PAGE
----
An influential friend got me hooked on the idea of digital ego some years back. I've been fascinated since with the idea of online identity and how it departs/depends from who we are in the "real" world. Lately I put this into practice when creating an avatar for my novel blog.
Digital ego suits my philosophy that it is better not to know what an author looks like. I prefer to let books create imagery in my head and when I see the writer's mug, it negatively impacts the experience. In this spirit, I crafted an avatar that looks nothing like me. The author has to look like something, right? For now, or until an agent tells me otherwise, I'm content to have the world think "James MacAdam" (pictured above) is a slightly creepy-looking guy who loves winged horses.
This got me thinking. Do I want to be totally separate from my digital ego? So far, I've limited my personal output (that is, what I choose to post about on zeitheist) to scattershot subjects, ranging from apocalypses to the occasional political rant. While true enough, the posts come from me, it's also true they present only a shallow portrait. Reflecting on this got me thinking about things I love.
Not to be morbid, but I thought about beloved subjects that are no longer in my life. Three particular things come up, incited more than a little by some of the great blogs I read daily: cats, music and Mom.
Cats were a big part of my life growing up. Though allergies at my house prevent us having any around, I love cats dearly. My last was a tabby named Karma. Sweet runt of the litter, Karma had the canniest expression I've ever seen, human or otherwise. Cats in general seem to be onto something. Out of all the madness in the world, they make more sense than just about anything.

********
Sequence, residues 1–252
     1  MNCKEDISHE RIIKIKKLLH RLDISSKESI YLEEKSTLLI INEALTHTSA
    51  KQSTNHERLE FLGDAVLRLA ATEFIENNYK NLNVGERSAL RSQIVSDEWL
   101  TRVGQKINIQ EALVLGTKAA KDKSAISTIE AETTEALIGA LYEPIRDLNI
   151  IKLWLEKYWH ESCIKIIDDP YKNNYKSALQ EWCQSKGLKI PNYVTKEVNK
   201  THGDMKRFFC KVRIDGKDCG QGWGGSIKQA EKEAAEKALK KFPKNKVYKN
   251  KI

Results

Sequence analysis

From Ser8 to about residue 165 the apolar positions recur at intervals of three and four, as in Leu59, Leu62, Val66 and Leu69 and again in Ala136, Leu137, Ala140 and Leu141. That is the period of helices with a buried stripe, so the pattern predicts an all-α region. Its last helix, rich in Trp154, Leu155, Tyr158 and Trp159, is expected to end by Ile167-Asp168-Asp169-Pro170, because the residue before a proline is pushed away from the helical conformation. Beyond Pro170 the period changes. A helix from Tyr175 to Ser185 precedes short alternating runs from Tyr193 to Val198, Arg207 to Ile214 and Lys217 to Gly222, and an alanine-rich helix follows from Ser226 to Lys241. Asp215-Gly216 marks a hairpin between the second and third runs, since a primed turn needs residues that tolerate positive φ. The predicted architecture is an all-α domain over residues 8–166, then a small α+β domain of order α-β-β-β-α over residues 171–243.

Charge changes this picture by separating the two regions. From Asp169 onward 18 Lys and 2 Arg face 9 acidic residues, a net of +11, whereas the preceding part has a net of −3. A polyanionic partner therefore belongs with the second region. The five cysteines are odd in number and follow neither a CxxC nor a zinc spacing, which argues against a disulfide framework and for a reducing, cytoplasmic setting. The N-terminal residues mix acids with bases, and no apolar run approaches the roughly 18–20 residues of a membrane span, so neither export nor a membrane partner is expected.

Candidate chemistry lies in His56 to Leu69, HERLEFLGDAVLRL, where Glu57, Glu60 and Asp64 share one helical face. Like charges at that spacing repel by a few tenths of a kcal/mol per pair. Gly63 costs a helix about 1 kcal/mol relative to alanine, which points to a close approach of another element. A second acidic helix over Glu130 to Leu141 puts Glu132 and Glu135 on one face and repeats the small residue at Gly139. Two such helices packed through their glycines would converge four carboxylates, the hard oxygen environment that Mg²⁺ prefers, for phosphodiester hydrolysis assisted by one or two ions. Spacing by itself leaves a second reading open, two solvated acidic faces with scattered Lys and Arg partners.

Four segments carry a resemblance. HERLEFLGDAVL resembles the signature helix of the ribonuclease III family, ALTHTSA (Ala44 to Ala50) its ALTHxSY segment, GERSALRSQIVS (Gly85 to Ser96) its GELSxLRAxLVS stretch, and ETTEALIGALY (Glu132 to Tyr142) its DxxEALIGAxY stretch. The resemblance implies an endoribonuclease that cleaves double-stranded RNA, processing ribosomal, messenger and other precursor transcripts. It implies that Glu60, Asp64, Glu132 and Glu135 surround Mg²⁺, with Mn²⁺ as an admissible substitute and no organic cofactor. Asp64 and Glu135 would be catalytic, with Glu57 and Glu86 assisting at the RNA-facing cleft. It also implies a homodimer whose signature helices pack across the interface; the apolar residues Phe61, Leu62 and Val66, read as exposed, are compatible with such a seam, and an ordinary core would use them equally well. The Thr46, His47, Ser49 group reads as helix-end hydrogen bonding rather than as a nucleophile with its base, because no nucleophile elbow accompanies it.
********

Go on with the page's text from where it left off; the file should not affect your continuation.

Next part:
Mixtapes. Making mixtapes used to the end-all, be-all of my existence. So much so, in fact, that one wall of my office is dedicated to something I call my autosonicograpy, essentially two decades' worth of my favorite music mixed with soundbites, captured sounds and conversations, and other ephemera. If you are one of those folks who thinks about the first thing you would grab in a fire, this is mine.
Seeing how many smart and funny mothers there are blogging these days, I often wonder what my own would have thought of the phenomenon. She was a woman who loved to laugh, and I don't wonder that she would get a kick out of the opportunities for expression that exist today. I can only imagine that she would have posted about her favorite things, namely purses, music and cats. Of course, knowing how much she adored being outdoors and taking long walks, the idea of Mom blogging makes me think she would laugh and call me a silly goose for even suggesting the idea.
Anyhow, these are but a few items distinct from my digital ego. Schizo as it might sound, they seem part of a different person than the one presented online. Do you experience this kind of separation, or does it seem that your offline self is reflected more completely in the digital realm?